The GCSE results announced last week are a bitter testament to the denial and deception of socialists and
professional educationalists who hold that only the State should provide education and that any form of private provision is “unfair”. Yet the unfairness inflicted on the young of being denied an equal chance of an education to fit them for life is of such an order as to constitute wickedness.
The top 80% of independent schools had an average of over 63% of their students achieving A* or A-equivalent grades. In state schools only 15% were awarded an A or A*, down from 16.8% in 2011. This is a catastrophe for the students and a crippling handicap for the future of our country in a world that is now entirely competitive.
It is very difficult to find the separate statistics for State comprehensive schools as they are included in State schools data which of course include very high performing grammar schools where those still survive. The truth is concealed and the voices of those who speak out are drowned in the cacophony of outraged teacher trades unions. But parents will know that their children have fallen far behind and that they will not have the equal opportunity that is their right.
What compounds this disgraceful blight on the nation’s youth is the fact that those in poor areas fall behind further than in wealthier areas. Comprehensive education provided by the State not only fails but also penalises those at most disadvantage. So far from “fairness” State comprehensive education has produced an educational apartheid for the poor.
The cause of all this failure is the endemic delusion that the State must provide education. But the State is a grotesquely inefficient provider of services and goods. It is deeply biased by political and social theory and its monopoly enterprises are dominated by trade union activists. But only 7% of us are able to afford private education. All the rest have to take what the State provides and are expected to be grateful.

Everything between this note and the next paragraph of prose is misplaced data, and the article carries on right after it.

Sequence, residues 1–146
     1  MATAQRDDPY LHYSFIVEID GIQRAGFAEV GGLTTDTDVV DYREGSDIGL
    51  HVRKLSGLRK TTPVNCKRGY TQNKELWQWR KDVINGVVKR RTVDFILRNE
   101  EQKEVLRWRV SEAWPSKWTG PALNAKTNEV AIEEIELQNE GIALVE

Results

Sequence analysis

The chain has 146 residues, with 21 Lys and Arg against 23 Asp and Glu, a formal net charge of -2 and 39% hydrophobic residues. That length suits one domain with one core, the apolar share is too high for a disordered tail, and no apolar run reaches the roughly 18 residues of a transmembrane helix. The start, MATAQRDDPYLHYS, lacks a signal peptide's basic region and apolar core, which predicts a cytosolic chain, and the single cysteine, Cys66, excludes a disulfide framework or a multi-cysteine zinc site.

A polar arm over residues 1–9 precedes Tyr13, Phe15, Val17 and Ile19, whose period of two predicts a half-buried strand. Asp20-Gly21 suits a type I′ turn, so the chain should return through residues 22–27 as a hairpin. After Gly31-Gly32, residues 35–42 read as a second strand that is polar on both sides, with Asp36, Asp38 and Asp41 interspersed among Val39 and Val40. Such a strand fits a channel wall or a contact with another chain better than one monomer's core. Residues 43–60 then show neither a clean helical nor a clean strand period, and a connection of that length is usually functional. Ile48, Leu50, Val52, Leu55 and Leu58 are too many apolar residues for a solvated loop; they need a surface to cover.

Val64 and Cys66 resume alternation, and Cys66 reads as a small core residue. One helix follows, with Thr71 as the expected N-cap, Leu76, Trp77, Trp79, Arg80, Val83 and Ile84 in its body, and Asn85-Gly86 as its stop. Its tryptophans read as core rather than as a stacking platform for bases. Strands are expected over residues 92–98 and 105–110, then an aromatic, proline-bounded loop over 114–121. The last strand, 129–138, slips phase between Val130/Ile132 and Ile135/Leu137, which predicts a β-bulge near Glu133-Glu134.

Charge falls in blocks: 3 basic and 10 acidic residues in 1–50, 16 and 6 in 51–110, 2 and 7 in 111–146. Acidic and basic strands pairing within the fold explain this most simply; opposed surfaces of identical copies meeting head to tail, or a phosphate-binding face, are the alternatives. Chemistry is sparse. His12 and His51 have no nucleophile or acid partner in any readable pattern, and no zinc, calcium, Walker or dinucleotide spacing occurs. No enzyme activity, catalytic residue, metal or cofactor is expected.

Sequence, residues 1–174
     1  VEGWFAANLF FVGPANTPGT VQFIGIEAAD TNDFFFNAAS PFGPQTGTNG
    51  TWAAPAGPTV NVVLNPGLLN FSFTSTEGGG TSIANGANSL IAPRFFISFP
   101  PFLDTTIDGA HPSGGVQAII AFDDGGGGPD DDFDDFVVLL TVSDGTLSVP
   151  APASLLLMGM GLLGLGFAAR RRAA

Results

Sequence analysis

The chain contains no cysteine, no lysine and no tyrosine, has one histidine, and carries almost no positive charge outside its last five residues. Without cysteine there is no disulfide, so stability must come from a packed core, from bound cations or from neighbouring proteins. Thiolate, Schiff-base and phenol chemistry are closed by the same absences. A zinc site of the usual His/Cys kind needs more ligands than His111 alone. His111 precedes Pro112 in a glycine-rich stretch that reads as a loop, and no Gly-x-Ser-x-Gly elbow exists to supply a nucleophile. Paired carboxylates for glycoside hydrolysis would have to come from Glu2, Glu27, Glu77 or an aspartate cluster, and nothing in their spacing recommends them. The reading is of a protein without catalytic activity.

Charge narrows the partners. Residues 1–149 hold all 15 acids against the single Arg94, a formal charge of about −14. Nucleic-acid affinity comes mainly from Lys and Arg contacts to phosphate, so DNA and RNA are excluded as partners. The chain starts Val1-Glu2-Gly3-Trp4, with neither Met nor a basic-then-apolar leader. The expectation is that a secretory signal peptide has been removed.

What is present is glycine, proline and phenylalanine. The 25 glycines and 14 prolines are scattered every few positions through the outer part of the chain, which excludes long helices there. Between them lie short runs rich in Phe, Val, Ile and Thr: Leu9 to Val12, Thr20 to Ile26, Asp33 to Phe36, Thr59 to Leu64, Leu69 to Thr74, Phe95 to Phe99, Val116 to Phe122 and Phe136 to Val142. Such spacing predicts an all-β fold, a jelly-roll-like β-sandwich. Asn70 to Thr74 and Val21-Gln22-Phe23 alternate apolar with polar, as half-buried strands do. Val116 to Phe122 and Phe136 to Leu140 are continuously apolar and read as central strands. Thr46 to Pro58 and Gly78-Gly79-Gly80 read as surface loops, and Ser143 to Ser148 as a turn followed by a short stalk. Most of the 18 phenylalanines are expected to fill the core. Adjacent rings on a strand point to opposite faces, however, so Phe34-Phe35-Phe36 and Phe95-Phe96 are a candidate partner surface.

In every part of our national life from which the State has been removed (steel and coal production, telecoms, transport, manufacturing) the result has been a bursting out of enterprise and variety with costs being sensitive to consumers.
As those who have read my articles will know I hold to the principle that the State should do what the State alone can do. Its primary function must be the security of the nation, both in defence and by its laws, and its relations with other nations. Above all it must raise revenues to promote conditions of equal opportunity for all.
Parents should be able to require that what the State expends on education be applied, at their direction, in meeting fees of the schools they choose. Schools will not only flourish but new ones will be created where and for whom they are needed. That alone will give hope for those now snared in the net of the comprehensive State regime.